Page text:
The partridges in Fern Gully
It was not only the flora of Fern Gully that came under attack but the fauna also. One particular example was the bird known familiarly in Jamaica as the partridge; this bird is not the game bird of the temperate regions but a member of the pigeon and dove family. It is more scientifically named Geotrygon montana, or the Ruddy Quail Dove.
 An 18th century authority stated that the Quail was introduced into the island from North America; since, however, the Ruddy Quail Dove is endemic across the Caribbean islands and Central America that seems an unlikely supposition.

 Patrick Browne, The Civil and Natural History of Jamaica, 1756
'The Quail, commonly called a Partridge in Jamaica. These
birds were introduced there from North America, and set
loose in many parts of the island.'

 p 321 This bird, the female of which is the least beautiful of all our Doves, is generally scattered. It affects a well wooded country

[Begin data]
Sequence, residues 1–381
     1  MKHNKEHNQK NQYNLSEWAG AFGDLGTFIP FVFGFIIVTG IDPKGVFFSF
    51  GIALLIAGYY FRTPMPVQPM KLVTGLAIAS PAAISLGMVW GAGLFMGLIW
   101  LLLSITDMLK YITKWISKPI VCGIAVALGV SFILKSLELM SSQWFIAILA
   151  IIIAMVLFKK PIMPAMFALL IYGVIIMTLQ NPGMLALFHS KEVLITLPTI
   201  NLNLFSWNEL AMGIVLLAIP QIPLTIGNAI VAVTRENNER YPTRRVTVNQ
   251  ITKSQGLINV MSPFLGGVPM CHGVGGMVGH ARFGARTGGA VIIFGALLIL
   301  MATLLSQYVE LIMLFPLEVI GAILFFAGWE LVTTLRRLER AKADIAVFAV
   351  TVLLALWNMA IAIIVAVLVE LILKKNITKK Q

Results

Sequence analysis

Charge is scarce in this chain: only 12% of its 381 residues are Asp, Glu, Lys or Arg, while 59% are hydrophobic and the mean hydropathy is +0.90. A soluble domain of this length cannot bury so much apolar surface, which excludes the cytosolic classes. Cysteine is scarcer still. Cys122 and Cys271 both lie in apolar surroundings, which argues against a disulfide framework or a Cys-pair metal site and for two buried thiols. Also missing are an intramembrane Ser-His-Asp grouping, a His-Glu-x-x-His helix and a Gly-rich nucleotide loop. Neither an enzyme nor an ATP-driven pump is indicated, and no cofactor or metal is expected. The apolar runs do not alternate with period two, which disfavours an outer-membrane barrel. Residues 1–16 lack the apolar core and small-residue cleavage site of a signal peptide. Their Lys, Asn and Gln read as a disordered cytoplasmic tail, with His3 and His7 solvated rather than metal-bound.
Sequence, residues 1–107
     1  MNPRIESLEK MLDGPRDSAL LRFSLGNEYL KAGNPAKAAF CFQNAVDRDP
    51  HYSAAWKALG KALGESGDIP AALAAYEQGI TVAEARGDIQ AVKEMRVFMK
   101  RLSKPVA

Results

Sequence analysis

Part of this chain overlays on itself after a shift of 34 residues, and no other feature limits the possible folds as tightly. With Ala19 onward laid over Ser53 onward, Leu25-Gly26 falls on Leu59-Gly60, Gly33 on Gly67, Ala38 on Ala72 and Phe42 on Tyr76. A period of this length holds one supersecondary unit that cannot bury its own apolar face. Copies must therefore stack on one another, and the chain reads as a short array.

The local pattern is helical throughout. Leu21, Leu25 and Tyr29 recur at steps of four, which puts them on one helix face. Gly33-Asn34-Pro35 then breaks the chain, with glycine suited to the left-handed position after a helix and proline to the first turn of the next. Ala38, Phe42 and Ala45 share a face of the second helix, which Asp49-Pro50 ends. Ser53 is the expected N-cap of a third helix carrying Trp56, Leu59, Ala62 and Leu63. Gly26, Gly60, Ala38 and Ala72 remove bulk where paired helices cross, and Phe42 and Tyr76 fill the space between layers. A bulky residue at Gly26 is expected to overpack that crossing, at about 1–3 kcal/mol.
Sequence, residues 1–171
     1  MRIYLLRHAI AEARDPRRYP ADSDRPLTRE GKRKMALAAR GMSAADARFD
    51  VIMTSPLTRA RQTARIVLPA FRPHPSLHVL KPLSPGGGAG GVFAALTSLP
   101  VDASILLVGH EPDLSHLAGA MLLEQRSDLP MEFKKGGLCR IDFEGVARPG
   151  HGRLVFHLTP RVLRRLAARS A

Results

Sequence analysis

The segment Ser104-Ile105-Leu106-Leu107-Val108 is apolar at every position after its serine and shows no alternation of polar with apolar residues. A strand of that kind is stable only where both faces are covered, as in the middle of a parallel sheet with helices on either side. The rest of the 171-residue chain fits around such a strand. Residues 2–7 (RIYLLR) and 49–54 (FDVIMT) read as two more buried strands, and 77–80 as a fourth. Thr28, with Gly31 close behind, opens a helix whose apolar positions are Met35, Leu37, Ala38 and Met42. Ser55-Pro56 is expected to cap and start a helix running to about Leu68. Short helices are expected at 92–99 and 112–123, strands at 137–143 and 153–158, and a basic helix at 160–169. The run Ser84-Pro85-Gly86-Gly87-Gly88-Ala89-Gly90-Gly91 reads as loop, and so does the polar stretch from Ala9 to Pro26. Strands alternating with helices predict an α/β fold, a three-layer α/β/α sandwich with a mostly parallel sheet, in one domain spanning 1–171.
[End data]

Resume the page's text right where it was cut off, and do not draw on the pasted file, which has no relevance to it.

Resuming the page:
and is found in such woods as are more choked with bushes than such as the Whitebelly prefers, though they often dwell together.
It is essentially a ground pigeon walking in couples or singly seeking for seeds or gravel on the earth. It is often seen beneath a
pimento picking up the fallen berries, the physic nut also and other oily seeds afford it sustenance, Sam once observed a pair of
these Doves eating the large seed of a mango that had been crushed. With seeds I have occasionally found small slugs a species of
Vaginulus common in damp places in its gizzard.
 References to the birds of Fern Gully are few, and far between, quite literally! A writer in the 1880s mentioned hearing the Solitaire on the 'Gully Road', but after that the first reference I have seen came nearly six decades later when a letter appeared in the Gleaner drawing attention to the fate of the birds that Jamaicans called Partridges who had all but disappeared from the Gully.
Daily Gleaner,  August 8, 1941
 By 1956 May Jeffrey-Smith was writing in her book Bird-Watching in Jamaica, that: